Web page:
Hatches Made Easy:
There are over a thousand species of the cicadas. It is a large tree hopper.
There get into the water by falling off trees overhanging the banks as well as
other streamside vegetation. They are usually about an inch long.
These insects are usually about an inch long and average a hook size 6 or 8.
They are usually green but they have red and black markings on them.
The cicadas hatch every two or three years but there are some species that only
hatch every 13 to 17 years, depending on the species.
They shed their shucks in the trees and become adults. They proceed to find a
mating partner with some very wild sounds much like a siren.
The larvae usually have green bodies. Imitations of the inch worm will serve to
imitate them. The adults which are moths, are usually a gray color. Some of
them have spots on them. Their wings are also gray. The adults usually appear
during the last part of April through the month of August.
Leafhoppers also called jassids, treehoppers, and plant hoppers. They are
usually green or yellow. The jassids are black with red and yellow markings.
These insects both jump and fly and sometimes get into the water most likely not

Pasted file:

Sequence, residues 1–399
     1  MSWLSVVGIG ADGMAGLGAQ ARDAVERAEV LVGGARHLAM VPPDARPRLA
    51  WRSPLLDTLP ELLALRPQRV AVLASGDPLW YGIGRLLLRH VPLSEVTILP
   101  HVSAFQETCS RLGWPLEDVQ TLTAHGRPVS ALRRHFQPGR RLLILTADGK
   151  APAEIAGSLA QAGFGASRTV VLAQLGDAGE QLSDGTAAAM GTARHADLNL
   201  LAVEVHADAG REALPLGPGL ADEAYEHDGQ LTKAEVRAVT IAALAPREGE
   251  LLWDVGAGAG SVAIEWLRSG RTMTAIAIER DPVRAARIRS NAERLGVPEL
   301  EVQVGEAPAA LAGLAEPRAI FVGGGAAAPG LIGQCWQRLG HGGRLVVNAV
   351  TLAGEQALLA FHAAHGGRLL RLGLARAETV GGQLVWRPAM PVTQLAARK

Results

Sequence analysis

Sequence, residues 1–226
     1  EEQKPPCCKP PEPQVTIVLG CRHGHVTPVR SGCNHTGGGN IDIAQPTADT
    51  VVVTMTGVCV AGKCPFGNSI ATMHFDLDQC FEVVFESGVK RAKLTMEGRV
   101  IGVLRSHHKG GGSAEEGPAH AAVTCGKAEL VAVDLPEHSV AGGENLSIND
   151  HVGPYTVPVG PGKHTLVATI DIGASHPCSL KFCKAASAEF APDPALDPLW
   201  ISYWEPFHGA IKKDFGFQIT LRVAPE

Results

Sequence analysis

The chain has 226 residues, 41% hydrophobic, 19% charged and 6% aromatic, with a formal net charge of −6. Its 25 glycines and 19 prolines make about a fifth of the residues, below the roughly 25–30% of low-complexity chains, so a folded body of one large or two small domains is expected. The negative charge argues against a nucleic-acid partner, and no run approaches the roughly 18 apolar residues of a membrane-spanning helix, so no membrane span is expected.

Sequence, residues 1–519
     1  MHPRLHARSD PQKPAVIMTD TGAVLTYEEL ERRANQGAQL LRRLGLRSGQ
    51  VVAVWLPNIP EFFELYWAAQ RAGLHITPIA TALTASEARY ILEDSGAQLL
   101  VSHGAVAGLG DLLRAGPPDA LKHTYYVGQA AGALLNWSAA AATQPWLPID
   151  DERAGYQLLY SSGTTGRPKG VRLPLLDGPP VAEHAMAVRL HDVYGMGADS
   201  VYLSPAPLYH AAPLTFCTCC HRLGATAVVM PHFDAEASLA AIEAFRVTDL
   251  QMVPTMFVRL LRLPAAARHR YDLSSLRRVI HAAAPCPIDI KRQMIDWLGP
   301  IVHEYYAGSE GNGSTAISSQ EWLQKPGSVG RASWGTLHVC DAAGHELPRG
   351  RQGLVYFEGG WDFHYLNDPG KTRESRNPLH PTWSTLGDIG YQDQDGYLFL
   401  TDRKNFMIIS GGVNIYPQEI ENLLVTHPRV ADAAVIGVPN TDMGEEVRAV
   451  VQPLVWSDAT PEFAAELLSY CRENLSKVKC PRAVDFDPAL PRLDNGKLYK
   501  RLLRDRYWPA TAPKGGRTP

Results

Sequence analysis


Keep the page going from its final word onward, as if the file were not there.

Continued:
realizing the danger. They range in size from a hook size 20 down to a 16.
It is very common to see various types of bees during the summer months. I
would assume they accidentally get into the water but I have really never noticed
them there. At least fly patterns have been developed for them for the Smokies. I
have personally never used one.
This is another insect that is plentiful in the Smokies. Just how many of them get
into the water is anyone's guess. I have talked to anglers that fish the Smokies
who use imitations of the wasp, so I would guess that they could be effective.
Again, I have never used one. Along with the wasp, there is no shortage of
other stinging insects such as yellow jackets and hornets. It is a good idea to
catch a few hornets and throw them into the..............just kidding.
This is another miscellaneous terrestrial insect that some anglers use. According
to Angie, they are on every leaf of every tree in the Great Smoky Mountains
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Copyright 2008 James Marsh